Both IMPAQTO and Impact Hub Berlin were lucky to find that their funding partners trusted them to release new funding or repurpose existing grants to stay afloat and reinvent the ways in which they can attend to the ecosystem’s needs. 

2. Assess the damage: Agility is king

The main quality cultivated by ecosystem builders is agility to adapt to new circumstances.  “We’re a done beats perfect kind of organization,” shared Rick Turoczy of Pie in Portland. “When stores started shutting down, we immediately created a rough survey and over the course of 72 hours received almost 900 responses from small businesses sharing with us how they are impacted by COVID-19.” 

In a context where a day can make all the difference between reacting on time or being too late, having data quickly allowed ecosystem builders to act. “At IMPAQTO, we quickly launched a survey nationally and then joined forces with a Latin America-wide survey with Sistema B.

Over 3,000 respondents  shared that 22% had already stopped operations and that 76% will shut down within 2 months if loss of revenue continues at this rate.


Digging deeper, we also quickly learned that entrepreneurs need more than cashflow support – they need emotional support so they can feel safe and think creatively about navigating this crisis.”   

Creativity is precisely what ecosystem builders can unleash  in uncovering innovative ways to manage the crisis. Leon Reiner of Impact Hub Berlin was able to convene seven like-minded organizations in Germany to organize the #WirVsVirusHackathon. Within 48 hours, 43,000 participants had signed up, with 3,000 mentors to tackle over 2,000 mapped-out challenges. 

3. Activate the ecosystem through the flow or talent, information and resources

Based on the collected data, ecosystem builders were quickly able to assess the most urgent needs of social entrepreneurs in their communities. 

For instance, Rick Turoczy reported “One of the immediate responses was buying gift cards directly from businesses. Even if it meant kicking the can down the road a little bit, it was at least getting some capital into the hands of founders. Fortunately, we saw that percolate nationwide.”

The #WirVsVirusHackathon was planned within five days and executed with zero funding. But Leon Reiner also pointed out that in his role as managing director at Impact Hub Berlin, he was forced to reduce staff to part-time and keep overhead as low as possible while the space remains closed. While social entrepreneurs might not be hiring right now, Leon made a case for activating your network of mentors and experts:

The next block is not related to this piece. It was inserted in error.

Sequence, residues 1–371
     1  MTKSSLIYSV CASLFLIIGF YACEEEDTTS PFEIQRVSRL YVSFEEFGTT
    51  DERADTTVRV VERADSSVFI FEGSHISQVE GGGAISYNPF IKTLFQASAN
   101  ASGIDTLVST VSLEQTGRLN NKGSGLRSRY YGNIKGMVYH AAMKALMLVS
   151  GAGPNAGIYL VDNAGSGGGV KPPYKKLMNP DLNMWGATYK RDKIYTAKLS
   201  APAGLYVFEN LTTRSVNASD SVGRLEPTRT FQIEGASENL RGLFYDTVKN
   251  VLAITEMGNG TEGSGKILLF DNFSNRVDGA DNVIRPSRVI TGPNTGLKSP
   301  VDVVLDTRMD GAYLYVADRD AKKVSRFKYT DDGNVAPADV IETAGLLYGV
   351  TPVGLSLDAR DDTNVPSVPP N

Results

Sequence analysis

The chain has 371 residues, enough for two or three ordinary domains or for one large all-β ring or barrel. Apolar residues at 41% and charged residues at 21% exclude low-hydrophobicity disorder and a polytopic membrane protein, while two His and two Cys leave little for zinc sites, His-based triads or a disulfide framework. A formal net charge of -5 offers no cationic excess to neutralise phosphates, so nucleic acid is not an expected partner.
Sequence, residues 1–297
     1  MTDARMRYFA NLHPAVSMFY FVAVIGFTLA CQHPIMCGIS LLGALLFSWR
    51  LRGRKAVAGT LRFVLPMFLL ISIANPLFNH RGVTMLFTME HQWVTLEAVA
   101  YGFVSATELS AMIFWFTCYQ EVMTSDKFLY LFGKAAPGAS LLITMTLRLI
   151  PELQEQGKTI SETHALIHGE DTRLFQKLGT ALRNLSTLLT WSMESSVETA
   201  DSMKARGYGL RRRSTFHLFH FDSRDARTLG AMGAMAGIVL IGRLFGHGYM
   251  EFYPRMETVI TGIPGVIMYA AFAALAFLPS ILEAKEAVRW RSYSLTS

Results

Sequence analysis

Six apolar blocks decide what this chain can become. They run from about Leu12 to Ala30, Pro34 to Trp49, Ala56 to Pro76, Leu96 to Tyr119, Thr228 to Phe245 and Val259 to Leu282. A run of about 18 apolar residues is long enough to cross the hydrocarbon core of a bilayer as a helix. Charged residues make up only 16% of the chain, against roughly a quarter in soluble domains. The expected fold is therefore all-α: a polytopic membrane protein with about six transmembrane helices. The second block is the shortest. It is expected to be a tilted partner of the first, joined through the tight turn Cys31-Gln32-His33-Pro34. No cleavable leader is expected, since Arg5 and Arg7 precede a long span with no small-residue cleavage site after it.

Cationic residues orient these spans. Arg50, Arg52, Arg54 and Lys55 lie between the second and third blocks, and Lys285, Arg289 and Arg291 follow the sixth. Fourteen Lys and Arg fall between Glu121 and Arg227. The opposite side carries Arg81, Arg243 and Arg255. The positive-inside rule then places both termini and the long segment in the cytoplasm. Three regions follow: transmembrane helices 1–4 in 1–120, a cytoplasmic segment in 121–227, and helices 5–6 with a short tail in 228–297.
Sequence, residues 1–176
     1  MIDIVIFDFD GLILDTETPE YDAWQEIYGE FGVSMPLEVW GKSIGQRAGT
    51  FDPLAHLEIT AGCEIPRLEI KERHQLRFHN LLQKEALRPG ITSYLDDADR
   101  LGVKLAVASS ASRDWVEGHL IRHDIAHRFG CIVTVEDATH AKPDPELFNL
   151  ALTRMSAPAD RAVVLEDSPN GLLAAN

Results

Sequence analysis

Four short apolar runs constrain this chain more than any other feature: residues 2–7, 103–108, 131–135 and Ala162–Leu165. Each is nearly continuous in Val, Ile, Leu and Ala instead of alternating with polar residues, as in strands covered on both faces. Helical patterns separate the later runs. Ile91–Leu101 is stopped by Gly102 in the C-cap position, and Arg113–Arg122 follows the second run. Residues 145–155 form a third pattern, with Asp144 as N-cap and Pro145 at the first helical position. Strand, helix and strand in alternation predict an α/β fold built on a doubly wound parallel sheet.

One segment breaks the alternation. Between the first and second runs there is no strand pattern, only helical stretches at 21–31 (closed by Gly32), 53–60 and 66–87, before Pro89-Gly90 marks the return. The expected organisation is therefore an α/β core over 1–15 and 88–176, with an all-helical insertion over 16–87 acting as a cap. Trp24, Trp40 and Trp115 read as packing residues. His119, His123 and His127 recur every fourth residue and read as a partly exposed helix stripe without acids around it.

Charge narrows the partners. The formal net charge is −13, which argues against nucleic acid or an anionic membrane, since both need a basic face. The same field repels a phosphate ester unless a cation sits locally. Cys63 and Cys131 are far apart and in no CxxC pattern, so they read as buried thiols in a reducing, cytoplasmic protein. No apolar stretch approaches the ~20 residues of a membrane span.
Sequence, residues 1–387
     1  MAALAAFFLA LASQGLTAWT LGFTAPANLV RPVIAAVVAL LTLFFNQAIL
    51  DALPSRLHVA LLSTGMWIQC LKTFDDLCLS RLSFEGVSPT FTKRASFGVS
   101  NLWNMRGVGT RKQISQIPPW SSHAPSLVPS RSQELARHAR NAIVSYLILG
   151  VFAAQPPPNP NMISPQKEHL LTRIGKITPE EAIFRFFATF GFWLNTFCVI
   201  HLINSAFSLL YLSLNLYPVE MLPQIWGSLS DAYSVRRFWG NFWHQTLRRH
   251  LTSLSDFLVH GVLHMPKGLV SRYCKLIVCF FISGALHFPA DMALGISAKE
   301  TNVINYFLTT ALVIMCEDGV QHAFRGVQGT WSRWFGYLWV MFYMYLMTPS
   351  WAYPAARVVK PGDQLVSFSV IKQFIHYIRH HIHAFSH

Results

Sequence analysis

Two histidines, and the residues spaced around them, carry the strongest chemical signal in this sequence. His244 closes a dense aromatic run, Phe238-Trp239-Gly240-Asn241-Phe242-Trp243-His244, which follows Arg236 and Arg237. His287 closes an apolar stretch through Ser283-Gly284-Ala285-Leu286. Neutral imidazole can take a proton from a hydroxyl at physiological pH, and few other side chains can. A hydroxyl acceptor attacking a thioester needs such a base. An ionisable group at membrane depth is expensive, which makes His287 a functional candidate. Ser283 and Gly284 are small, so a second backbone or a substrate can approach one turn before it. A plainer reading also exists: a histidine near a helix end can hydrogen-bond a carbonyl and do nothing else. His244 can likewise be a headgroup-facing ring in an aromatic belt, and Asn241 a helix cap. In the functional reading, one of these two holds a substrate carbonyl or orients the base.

If you have the phone number of an excellent business consultant who usually works for big corporates, give him or her a call and see if they’ll do a quick webinar for your entrepreneurs to share some of their knowledge.


After the success of the hackathon in Germany, Leon and his team are open-sourcing the methodology in Latin America (where IMPAQTO has already joined others to replicate), India and for the organizers of a Pan-African Hackathon. 

The organizing team behind #WirVsVirusHackathon, photo credit: Impact Hub Berlin

Michelle and her team at IMPAQTO were able to capitalize on some of the low-hanging fruit in terms of resources: “There’s an abundance of amazing resources online for adapting, remote working and managing crises that came from our international networks. However, the content was unfortunately only in English, so we launched a webinar series in Spanish language with local facilitators that leverage this knowledge and adapt it to local context.  

In that sense, we found we could create value in two specific areas where we could deploy support immediately:

  1. Our corporate partners reached out and asked whether we could help their teams learn about how to work remotely effectively.
  2. Other NGO partners that are worried about domestic violence in the lockdown have asked us to bring in some of the innovators and change agents from the IMPAQTO network to work toward solutions in that area. 

We assume that over the coming weeks, entrepreneurs will face a real struggle, not just emotionally but technically because they just don’t have the tools. To address that, we created a personalized matching mentorship program. We also created a Learn-and-Adapt webinar series to help companies in Latin America shift to digital work.”   

4. Engineer serendipity and build trusting communities online

Rick Turoczy and his team at Pie at no choice but to move their Demo Day online. “Our Demo days are less about investors and more about bringing the community together to celebrate the businesses that are being built here in Portland. We’d been practicing for weeks and weeks and weeks for an on-stage theater presentation and once we saw how quickly COVID-19 was shutting down public life, we pivoted to a slide-driven, voice-over version. So basically the exact opposite. The greatest win there is that we now have a playbook that we can share with everyone else.”

PIE Demo Day 2019: “Our Demo days are less about investors and more about bringing the community together.”